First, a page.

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Russia’s UK embassy says claims of Moscow’s role in Skripal case always looked like bluff

April 04, 3:40 UTC+3 LONDON

The statement came in response to an interview by the head of the Porton Down lab, who said they had not been able to establish the origin of the substance used at the Salisbury poisoning

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LONDON, April 4. /TASS/. The UK Government’s claims about Russia’s role in the Skripal case looked like a clear bluff from the very beginning, a spokesperson for the Russian embassy in London said on Tuesday.

The statement came in response to an interview by Gary Aitkenhead, Chief Executive of the Defence Science and Technology Laboratory (DSTL) at Porton Down, who told Sky News on Tuesday they had not been able to establish the origin of the substance used at the Salisbury poisoning.

"We understood from the very start that UK Government statements on the nerve agent having been produced in Russia were a bluff. Now this has been confirmed by the head of the secret lab," the spokesperson said in a statement. "This only proves that all political declarations on the Russian origin of the crime are nothing but assumptions not stemming from objective facts or the course of the investigation.

The source said the embassy has "also noted that, like in his earlier interview, Mr Aitkenhead is not denying that the lab had developed or keeps stocks of the agent they call "novichok", although, of course, he would not admit it."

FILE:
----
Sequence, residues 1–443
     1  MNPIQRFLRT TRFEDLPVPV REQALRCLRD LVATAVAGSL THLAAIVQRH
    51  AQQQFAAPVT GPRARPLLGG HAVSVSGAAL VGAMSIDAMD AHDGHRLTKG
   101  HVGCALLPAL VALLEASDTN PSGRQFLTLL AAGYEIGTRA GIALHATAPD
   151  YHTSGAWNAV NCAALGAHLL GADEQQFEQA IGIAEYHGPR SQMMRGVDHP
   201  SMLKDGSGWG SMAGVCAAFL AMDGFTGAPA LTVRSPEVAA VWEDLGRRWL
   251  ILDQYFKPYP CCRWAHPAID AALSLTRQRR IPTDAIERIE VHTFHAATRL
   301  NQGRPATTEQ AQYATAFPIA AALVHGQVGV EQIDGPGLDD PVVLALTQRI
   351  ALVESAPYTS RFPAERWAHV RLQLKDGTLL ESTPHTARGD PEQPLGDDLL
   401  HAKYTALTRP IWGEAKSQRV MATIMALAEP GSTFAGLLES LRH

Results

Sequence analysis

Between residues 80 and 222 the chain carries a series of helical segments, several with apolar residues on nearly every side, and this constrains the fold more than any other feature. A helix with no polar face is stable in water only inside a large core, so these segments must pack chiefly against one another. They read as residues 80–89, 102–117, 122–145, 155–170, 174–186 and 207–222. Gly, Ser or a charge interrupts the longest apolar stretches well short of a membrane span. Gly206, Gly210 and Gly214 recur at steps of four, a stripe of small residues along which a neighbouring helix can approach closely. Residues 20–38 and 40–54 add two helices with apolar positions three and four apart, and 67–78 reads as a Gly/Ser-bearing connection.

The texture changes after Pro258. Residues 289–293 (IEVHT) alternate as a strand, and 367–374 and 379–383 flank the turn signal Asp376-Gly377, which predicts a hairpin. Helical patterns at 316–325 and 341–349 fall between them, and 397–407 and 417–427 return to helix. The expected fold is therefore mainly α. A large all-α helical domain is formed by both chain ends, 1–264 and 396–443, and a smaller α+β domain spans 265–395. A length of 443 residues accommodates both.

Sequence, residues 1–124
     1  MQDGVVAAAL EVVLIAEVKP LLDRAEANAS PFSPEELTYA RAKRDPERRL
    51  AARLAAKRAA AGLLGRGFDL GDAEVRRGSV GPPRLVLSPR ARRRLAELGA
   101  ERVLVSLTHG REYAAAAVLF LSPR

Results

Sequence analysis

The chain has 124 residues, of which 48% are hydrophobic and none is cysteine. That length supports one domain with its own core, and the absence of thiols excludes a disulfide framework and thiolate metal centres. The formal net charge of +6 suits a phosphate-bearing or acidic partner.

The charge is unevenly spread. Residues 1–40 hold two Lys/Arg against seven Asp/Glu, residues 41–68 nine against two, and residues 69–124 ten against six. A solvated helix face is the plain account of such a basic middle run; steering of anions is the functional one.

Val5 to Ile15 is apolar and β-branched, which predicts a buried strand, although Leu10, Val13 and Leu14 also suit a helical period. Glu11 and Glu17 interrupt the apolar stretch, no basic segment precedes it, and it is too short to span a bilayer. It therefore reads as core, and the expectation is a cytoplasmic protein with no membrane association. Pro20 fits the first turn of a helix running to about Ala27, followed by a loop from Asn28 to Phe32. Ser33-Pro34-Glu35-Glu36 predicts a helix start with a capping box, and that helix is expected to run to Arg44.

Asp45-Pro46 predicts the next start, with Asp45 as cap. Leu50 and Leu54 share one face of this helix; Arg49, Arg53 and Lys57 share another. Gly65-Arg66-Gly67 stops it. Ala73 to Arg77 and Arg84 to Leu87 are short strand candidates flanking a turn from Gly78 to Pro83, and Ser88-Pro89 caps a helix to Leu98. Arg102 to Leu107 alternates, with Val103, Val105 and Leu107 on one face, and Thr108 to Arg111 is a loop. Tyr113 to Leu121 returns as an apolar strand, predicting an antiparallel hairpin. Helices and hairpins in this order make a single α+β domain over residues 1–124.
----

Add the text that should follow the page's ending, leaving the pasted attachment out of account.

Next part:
"By the way, some time ago we asked the Foreign Office to facilitate a meeting with Mr Aitkenhead or his colleagues, but have got no reply," the spokesperson added. "One has to conclude that the UK Government prefers to block the Embassy from discussing the matter with experts who may possess the uncomfortable truth."

On March 4, Sergei Skripal, who had been convicted in Russia of spying for Great Britain and later swapped for Russian intelligence officers, and his daughter Yulia suffered the effects of an alleged nerve agent in the British city of Salisbury.

Claiming that the substance used in the attack had been a Novichok-class nerve agent developed in the Soviet Union, London earlier rushed to accuse Russia of being involved in the incident. Moscow rejected all of the United Kingdom’s accusations, saying that a program aimed at developing such a substance had existed neither in the Soviet Union nor in Russia.

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